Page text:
Clinical characteristics of Clostridium difficile infection in hospitalized patients with antibiotic-associated diarrhea in a university hospital in China
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The purpose of this study was to identify clinical characteristics of Clostridium difficile infection (CDI) in patients with antibiotic-associated diarrhea (AAD). A prospective study was conducted among patients hospitalized in Fudan University Hospital Huashan from August 1, 2012 to July 31, 2013. Toxigenic C. difficile isolates were characterized by PCR ribotyping and multilocus sequence typing. AAD developed in 1.0 % (206/20437) of the antibiotic-treated hospitalized patients and toxigenic C. difficile was isolated from 30.6 % (63/206) of patients with AAD. The frequency of AAD was highest in the intensive care unit (10.7 %); however the proportion of CDI in AAD was highest in the Geriatric Unit (38 %). AAD ranged in severity from mild to moderate. One case with pseudomembranous colitis was identified. Use of carbapenems was found to significantly increase the risk of CDI (OR, 2.31; 95 % CI, 1.22–4.38; p = 0.011). Patient demographics, presumed risk factors, clinical manifestations and laboratory findings revealed no significant difference between patients with CDI and non-C. difficile AAD. Over 90 % of the patients with CDI or non-C. difficile AAD were cured. Two patients had CDI recurrence. Ribotype H was the dominant (18.8 %) genotype, followed by ribotype 012 and ribotype 017. C. difficile plays a significant role in AAD in our setting in China. Because the severity of diarrhea ranges from mild to moderate, it is difficult for Chinese clinicians to identify CDI from AAD patients, therefore CDI should be included in the routine differential diagnoses for hospitalized patients presenting with AAD.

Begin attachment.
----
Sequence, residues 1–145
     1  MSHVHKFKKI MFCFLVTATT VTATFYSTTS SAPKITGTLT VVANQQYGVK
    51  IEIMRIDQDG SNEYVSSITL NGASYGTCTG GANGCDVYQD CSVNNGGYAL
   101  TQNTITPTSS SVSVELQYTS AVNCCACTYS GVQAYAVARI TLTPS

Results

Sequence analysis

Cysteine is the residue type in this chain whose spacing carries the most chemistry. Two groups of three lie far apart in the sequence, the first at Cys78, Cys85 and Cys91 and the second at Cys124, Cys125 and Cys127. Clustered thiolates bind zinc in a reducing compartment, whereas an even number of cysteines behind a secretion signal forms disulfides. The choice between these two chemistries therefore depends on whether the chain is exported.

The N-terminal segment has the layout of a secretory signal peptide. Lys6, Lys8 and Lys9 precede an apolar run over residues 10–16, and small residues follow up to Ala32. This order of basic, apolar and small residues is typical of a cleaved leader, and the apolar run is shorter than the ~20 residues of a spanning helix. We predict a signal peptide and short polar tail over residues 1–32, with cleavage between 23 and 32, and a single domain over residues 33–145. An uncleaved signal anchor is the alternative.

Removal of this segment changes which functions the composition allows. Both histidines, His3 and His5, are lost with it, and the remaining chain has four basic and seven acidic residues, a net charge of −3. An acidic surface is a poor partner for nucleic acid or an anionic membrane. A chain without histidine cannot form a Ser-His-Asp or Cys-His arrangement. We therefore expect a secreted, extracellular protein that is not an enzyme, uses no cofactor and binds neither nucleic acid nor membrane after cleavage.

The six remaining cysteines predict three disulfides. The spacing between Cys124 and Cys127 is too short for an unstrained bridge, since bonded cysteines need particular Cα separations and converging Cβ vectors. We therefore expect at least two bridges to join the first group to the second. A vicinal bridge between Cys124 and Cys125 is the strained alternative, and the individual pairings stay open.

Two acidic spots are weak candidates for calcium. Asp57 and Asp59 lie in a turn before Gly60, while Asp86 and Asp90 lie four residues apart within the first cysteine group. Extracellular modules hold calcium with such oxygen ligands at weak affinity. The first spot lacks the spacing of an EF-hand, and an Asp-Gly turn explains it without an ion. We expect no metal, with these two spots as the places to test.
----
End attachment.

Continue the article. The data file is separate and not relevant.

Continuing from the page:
KeywordsBerberine Multilocus Sequence Typing Moderate Diarrhea Diarrhea Onset Presume Risk Factor
This work was supported by a grant from the National Natural Science Foundation of China (no. 30973594 and no. 81101292) and Shanghai Pujiang Programme (no. 10PJ1401800). The findings and conclusions in this report are those of the authors and do not necessarily represent the official position of the Centers for Disease Control and Prevention.
Conflict of interest
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